I’m sure there are others. Meanwhile, the mother of Ahmaud Arbery, the black jogger who was gunned down by two racist red-necks, told reporters that the shirt  “flies directly in the face” of what  the rapper had privately expressed to her as gave the family financial support after the murder.  Wanda Cooper-Jones said, though her lawyer, condemned his  “mockery of the Black Lives Matter movement and his now denunciation of the movement as some sort of hoax…”

Again, it is a hoax. The artist formerly known a Kanye West has always styled himself as a truth-teller, and whatever his real motives, pointing out the truth about BLM by mocking it may be the T-shirts’ best justification of all.

13 thoughts on “Yes, There Are Many Justifications For “White Lives Matter”

  1. Whoa Nellie! The ADL is a reputable source for lefty guidance? Aren’t they, wait for it, Jewish? Don’t all Jews hate Palestinians? Aren’t all Jews NAZIs? What’s going on here?

  2. One of the interesting and hilarious aspects to me of this meaningless tempest du jour is that it does give an insight into the many self-flattering delusions of our journalist class.
    Lynette Nylander of something called Dazed magazine thinks: “It doesn’t matter what the intention was … it’s perception to the masses out of context.” Perception “to the masses”? Is she a Soviet Minister of Information? What masses and what perception? These people have convinced themselves that it’s a matter of life-or-death urgency that they enforce the party line, and that no one is allowed to disagree w or mock the sacred beliefs of their sect.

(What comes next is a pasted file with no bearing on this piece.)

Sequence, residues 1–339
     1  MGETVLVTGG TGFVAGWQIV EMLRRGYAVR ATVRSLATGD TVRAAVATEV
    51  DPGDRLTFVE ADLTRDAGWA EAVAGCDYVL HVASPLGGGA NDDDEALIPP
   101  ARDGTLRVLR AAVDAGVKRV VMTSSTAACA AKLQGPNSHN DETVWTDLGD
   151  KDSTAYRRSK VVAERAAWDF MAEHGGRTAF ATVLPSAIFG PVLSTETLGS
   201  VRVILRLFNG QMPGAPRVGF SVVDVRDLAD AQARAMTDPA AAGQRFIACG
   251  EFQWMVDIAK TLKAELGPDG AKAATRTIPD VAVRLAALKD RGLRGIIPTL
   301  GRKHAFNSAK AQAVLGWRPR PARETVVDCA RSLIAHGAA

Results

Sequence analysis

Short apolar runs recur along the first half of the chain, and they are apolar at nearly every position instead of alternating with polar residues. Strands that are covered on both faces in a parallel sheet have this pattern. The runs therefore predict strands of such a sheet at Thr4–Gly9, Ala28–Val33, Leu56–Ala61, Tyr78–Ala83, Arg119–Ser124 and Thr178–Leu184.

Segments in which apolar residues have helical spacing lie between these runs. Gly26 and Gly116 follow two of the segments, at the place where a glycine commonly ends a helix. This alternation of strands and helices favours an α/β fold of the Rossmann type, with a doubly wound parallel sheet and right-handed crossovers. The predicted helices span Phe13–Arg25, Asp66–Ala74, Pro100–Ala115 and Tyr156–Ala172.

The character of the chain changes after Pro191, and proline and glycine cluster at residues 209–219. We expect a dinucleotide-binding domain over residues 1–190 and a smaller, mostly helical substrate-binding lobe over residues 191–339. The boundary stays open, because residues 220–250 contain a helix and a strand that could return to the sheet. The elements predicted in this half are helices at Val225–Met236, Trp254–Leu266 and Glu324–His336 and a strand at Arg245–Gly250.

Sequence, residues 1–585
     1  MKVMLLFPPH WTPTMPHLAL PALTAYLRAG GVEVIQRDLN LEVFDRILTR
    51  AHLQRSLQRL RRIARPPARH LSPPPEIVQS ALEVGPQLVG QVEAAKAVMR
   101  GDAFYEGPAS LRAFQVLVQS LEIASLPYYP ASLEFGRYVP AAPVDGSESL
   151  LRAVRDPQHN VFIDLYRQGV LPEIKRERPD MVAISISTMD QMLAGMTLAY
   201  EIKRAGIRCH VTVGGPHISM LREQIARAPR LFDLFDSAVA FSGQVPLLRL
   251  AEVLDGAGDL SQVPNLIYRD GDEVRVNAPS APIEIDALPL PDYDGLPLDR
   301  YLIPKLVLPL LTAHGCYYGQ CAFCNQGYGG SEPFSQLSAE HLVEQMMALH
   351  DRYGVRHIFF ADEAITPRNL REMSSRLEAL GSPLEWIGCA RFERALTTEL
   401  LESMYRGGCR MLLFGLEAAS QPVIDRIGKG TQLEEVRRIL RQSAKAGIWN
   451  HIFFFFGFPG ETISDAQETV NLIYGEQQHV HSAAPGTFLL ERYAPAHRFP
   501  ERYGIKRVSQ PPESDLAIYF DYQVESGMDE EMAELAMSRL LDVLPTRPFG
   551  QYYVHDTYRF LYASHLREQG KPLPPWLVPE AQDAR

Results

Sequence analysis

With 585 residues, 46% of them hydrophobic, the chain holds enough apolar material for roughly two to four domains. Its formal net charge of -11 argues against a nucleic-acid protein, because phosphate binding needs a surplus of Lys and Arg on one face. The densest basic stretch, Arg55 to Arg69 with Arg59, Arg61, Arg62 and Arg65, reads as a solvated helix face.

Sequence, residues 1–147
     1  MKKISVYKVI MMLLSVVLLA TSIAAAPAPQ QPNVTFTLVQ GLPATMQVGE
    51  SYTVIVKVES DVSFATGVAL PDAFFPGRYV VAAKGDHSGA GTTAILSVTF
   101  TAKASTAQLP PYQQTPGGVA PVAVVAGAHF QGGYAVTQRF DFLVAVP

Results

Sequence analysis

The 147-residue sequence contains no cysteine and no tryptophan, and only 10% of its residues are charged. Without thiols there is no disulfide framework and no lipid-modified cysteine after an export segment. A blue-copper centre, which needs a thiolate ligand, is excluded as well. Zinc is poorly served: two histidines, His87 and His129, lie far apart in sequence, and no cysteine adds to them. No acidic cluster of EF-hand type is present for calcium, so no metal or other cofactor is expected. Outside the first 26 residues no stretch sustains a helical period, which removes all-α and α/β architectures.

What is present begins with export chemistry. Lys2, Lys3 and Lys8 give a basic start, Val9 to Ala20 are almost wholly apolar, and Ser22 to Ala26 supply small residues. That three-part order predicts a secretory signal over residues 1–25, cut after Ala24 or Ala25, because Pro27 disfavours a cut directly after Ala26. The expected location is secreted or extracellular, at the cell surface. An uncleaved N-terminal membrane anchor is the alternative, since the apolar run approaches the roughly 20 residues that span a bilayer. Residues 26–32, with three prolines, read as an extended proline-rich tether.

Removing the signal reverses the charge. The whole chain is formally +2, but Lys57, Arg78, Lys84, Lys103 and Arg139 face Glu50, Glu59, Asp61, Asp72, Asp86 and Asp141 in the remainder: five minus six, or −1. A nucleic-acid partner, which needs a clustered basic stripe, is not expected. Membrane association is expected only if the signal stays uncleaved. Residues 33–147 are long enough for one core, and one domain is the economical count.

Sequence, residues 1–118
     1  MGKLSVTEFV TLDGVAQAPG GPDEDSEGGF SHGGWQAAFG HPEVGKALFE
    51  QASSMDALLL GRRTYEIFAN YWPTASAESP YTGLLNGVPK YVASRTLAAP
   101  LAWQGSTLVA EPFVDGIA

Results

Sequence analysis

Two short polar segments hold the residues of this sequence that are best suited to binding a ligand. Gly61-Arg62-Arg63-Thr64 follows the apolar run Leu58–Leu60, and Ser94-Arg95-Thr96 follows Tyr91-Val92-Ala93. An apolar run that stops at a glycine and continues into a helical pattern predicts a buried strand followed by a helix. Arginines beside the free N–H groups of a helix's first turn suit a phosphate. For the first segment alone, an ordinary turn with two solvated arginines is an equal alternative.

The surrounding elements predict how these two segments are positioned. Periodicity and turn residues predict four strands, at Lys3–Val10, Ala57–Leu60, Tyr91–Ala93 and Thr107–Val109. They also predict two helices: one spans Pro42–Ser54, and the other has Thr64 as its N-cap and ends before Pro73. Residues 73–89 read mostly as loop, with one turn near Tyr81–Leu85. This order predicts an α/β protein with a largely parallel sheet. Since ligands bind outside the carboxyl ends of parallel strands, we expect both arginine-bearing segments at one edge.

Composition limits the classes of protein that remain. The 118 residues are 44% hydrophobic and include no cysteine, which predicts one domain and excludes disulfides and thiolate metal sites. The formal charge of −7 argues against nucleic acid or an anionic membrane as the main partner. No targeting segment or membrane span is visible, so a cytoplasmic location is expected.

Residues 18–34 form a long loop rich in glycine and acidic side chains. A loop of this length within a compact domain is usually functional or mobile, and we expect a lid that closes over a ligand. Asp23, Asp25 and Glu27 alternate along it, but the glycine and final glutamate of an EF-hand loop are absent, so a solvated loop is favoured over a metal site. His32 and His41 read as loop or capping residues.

Next comes the NYT: “He… doesn’t really care about, or think about, the collateral damage in the meantime (including to those children singing at his feet), despite the violence this could feed?”
    Think of the children! If anyone is allowed to dissent there will be violence! When of course we all know 1) there will be zero violence over the Kanye T-shirt; and 2) if there is any, it will take place far from the homes of writers for the NYT.
    These people, armed only w some sort of degree and credential and little else, really see themselves as a cross bw a Ministry of Truth and a holy priesthood that must curate and manage all ideas and information. And they also have convinced themselves that they’re doing it all on behalf of the “marginalized” and to protect “our Democracy.”
    The age of the internet has turned our press into self-deluded self-important self-righteous self-obsessed children.

  3. It’s been a while since I revisited this concept. Am I correctly interpreting this?

    NP1:
    “No one should be criticized or penalized because someone takes racial, ethnic, religious or other offense at their conduct or speech due to the ignorance, bias or misunderstanding by the offended party.”
    Translation: Thou shall not be punished for triggering an idiot.